Daniel Day-Lewis was so reluctant to take on the title role in Steven Spielberg's Lincoln that he turned down the project more times than he can remember.
It just seemed inconceivable to me that I could be the person to help Steven (bring Lincoln to life), says the two-time Oscar winner for My Left Foot and There Will Be Blood. I didn't want to be responsible for irrevocably staining the reputation of the man.
Initially, Day-Lewis was worried about embodying a lawmaker who's come to represent all that's good and just in American politics.
It's very challenging to try and approach this man's life because it's been mythologized to such an extent and in such a way that you feel as if you can't get close enough to properly represent it, the actor says.
I just wasn't sure that I would be able to do that. Beyond that I felt that I probably shouldn't do it, and somebody else should do it instead.
So, why did Day-Lewis finally wind up saying yes to the role of the 16th president?
I ran out of excuses, the actor says with a laugh.
As he was mulling over joining the film, Day-Lewis read Doris Kearns Goodwin's biography, Team of Rivals, which helped him see Lincoln less as an icon and more as a man.
There was a living being to be discovered, Day-Lewis says. She makes that so beautifully clear in her book.
Adapted from Goodwin's tome, Lincoln (opening Friday) focuses on the last four months of the president's life. It was during this time that Lincoln used his knowledge of politics to secure a victory for the Union and hammer out the 13th amendment, which abolished slavery.
The movie co-stars Sally Field as Mary Todd, Jared Harris as Ulysses S. Grant, David Straithairn as Secretary of State William Seward, Joseph Gordon-Levitt as Lincoln's son Robert and in, a scene-stealing turn, Tommy Lee Jones as lawmaker Thaddeus Stevens.
Spielberg has been trying to make a movie about Lincoln for a dozen years. The trickiest part was figuring out which chapter of Honest Abe's story to put in front of the cameras.
With over 7,000 books written about Lincoln, it's hard to find any five books that agree on every single facet of his life, Spielberg says. But the thing that really surprised me about Lincoln was the weight of his responsibility. He took a Constitutional oath to preserve the Union and remains the only president in history who had the Union ripped out from under him and torn in half.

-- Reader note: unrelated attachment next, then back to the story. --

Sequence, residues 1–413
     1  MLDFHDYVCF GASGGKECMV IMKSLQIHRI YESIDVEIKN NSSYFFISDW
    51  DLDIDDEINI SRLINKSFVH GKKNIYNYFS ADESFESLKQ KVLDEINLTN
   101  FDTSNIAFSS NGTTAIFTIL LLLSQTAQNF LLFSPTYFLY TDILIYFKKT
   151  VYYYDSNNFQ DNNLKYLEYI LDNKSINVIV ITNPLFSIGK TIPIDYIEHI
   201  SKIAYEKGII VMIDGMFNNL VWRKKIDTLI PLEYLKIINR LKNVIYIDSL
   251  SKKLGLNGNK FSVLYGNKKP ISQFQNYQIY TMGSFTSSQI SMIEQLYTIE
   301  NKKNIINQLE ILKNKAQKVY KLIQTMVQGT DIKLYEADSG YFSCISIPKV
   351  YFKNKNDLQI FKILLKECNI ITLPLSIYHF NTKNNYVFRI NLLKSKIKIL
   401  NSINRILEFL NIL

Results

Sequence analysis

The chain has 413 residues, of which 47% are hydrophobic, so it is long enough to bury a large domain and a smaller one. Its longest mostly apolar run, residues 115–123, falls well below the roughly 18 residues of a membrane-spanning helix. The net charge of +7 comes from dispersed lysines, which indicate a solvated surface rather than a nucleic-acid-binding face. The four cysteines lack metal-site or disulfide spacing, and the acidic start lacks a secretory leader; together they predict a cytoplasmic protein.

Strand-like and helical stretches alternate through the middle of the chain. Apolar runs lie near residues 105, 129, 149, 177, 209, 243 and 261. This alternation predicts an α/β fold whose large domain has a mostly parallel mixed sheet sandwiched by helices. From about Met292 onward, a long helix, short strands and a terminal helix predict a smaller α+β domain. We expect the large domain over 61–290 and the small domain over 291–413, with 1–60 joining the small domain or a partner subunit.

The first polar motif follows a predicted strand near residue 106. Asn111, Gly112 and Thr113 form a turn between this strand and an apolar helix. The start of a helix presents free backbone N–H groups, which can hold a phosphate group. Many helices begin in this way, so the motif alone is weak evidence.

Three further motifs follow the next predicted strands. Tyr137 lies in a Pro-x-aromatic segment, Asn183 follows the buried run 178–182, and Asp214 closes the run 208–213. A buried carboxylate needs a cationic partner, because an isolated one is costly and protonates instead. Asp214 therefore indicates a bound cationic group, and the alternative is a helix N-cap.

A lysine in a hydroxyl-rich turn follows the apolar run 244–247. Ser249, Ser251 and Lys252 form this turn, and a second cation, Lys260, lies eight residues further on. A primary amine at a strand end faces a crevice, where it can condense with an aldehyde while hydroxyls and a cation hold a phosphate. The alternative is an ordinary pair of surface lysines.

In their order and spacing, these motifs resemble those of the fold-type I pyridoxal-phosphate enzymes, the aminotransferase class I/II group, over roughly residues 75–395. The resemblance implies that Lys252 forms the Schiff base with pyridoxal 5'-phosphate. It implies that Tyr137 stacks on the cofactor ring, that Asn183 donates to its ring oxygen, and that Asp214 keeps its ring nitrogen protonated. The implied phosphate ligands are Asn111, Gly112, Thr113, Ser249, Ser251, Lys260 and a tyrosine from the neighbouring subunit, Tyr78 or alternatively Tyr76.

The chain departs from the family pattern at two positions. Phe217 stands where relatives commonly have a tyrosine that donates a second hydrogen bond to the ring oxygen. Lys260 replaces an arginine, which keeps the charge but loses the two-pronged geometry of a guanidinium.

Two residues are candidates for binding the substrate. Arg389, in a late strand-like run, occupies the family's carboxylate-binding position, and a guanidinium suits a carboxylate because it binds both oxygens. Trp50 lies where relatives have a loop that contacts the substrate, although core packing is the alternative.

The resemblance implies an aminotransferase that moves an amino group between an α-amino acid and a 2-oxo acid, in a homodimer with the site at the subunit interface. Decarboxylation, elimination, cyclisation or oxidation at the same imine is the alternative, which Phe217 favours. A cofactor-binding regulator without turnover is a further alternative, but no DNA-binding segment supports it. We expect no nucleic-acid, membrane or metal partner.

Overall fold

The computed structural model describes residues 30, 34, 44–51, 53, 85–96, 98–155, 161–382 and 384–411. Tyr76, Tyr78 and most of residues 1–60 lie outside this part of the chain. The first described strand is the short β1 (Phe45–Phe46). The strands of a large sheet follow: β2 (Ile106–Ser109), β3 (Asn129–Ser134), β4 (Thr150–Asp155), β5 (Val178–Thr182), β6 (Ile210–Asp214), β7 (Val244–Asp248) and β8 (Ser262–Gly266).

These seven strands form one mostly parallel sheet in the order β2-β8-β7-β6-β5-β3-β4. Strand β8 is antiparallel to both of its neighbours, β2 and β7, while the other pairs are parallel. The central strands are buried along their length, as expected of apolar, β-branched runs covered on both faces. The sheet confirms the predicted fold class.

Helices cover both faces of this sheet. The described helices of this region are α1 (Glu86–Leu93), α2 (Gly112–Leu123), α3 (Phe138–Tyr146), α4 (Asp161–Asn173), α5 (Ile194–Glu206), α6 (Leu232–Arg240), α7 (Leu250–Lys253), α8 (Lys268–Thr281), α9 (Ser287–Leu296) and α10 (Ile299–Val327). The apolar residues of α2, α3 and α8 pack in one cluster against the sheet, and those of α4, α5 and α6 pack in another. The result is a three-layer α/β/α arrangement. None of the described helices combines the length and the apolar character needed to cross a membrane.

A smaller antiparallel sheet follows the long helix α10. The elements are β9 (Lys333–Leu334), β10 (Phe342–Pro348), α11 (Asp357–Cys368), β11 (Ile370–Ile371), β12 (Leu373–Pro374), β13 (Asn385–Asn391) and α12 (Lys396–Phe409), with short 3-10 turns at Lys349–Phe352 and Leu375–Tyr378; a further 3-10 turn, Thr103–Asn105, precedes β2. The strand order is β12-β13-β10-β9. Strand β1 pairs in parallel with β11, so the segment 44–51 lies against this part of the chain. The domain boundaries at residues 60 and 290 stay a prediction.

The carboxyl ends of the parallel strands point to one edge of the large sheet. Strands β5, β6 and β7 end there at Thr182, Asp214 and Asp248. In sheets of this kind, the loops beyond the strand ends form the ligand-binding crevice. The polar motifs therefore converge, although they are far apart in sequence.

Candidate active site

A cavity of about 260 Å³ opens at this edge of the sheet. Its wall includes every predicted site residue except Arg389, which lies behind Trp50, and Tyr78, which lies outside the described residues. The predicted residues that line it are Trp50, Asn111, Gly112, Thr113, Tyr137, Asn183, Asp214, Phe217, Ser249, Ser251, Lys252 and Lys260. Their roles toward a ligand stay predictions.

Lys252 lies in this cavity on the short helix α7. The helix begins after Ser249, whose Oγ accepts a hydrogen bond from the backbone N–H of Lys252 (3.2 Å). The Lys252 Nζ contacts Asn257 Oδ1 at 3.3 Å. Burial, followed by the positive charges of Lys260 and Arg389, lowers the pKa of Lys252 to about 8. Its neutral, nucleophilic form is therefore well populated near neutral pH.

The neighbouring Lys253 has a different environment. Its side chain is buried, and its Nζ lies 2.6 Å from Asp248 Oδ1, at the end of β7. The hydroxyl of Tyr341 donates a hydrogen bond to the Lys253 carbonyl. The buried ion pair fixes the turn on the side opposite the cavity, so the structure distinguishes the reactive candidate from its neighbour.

Over the course of making the movie, Spielberg came to respect Lincoln even more than when he began the project.
I don't know how he didn't crack up in the middle of his first term with the Civil War raging around him and with over 600,000 lives lost … and with his wife on the edge herself.
He suffered the loss of his son (Willie, to typhoid fever) two years before our film begins, and there was a son lost in infancy before that. The fact that he came through this with a steady moral compass and an even keel just amazes me.
Day-Lewis first passed on Lincoln about eight years ago, when Spielberg was taking a Greatest Hits approach to Lincoln's life. After Day-Lewis said no, Liam Neeson was considered for the title role.
I approached Daniel first, and he turned me down, Spielberg says. And then Liam and I had a very healthy flirt about possibly doing this or that together ... and then we both decided to do other things, and then I came back to Daniel.
Last year, Spielberg and screenwriter Tony Kushner (Angels of America) flew over to Dublin, where Day-Lewis lives with his family (including wife Rebecca Miller and his children, ages 17, 14 and 10) to try to persuade the actor to give the project a second look.
The other script I had shown Daniel was way more about the Civil War and all the battles than it was about the presidency, Spielberg says. So when Tony had written his draft, that was sort of the our shoe in the door that really got us together with Daniel in Ireland.
Daniel was almost doing a feasibility study to see whether he would allow himself to go near a script that was clearly on the verge of brilliance. Without trying to put any extra pressure on Daniel, I had decided that if he said no, then I would never make the movie. It just wouldn't have been in my life anymore. It would have been gone.
After Day-Lewis signed on, he immediately began reading every Lincoln biography he could get his hands on.
It was easy for me to start because I knew nothing about him, so I had everything to learn, the actor, 55, says. The wonderful surprise with that as you begin to discover him, he kind of welcomes you in. He's very accessible.
Of all the things Day-Lewis learned about Lincoln during the making of the movie, none shocked him more than discovering that the president wasn't as serious-minded as his gloomy portraits might suggest.
The most delicious surprise was discovering that Lincoln had a great sense of humor, Day-Lewis says. I discovered that (humor) was a most important aspect of his character. … It was innately a part of him. I think there was great joy (in his life).